I hand-solder. I hand-solder surface-mount devices. So far, my standard practice is to use parts no smaller than 0603s (inch), and for ICs I get them with pitches no smaller than 0.65 mm. This causes problems when I need a component that is too small for me to solder on a board with techniques I have been comfortable with up to now. This is the method I have been using. First, I use a Kester #186 RMA Flux Pen to lay down some flux on the board. Then, I position the component with tweezers, get some solder on the tip of the iron, and then transfer that solder to the pin I'm soldering.
That method is obviously not going to work with the DSA222MAB crystal oscillator that KDS was kind enough to supply me for a project.
So what did I do? I bought something called MP200 Solder Flux, which is really a 63/37 tin/lead solder paste. The tube comes with no point or plunger for the syringe. No plunger is no problem. It is why God made screwdrivers. But no applicator point? That is going to be difficult. Well, God to the rescue again. I pushed a little out of the tube and smeared it around the oscillator, which already had one corner tacked with another screwdriver. Then, I just applied the iron to the paste and pads, and everything went where it was supposed to. No solder bridges.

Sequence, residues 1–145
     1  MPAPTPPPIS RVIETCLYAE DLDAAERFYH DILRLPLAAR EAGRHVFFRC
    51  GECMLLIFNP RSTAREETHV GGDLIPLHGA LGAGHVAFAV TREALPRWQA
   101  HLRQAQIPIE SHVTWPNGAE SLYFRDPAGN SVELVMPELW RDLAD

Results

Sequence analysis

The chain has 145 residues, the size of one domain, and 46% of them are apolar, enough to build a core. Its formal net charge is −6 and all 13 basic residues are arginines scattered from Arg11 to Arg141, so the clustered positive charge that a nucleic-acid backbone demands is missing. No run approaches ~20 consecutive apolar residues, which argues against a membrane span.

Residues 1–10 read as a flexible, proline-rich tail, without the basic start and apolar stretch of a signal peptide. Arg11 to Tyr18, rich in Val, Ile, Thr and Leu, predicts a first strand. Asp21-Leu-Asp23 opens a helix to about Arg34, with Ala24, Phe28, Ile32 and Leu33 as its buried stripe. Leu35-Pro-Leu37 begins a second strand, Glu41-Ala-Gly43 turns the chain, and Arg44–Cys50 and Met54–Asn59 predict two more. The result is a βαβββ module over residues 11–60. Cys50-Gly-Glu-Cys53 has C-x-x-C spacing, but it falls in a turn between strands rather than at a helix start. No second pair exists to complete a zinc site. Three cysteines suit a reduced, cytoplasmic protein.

And of course, I had to apply power to test it. The wave looked pretty good given that my scope-probe ground lead was a little long. And my frequency counter, which hasn't been calibrated since it left the factory, showed what I expected: 40.000000 MHz. Not bad.
M. Simon's e-mail can be found on the sidebar at Space-Time Productions.
Engineering is the art of making what you want from what you can get at a profit.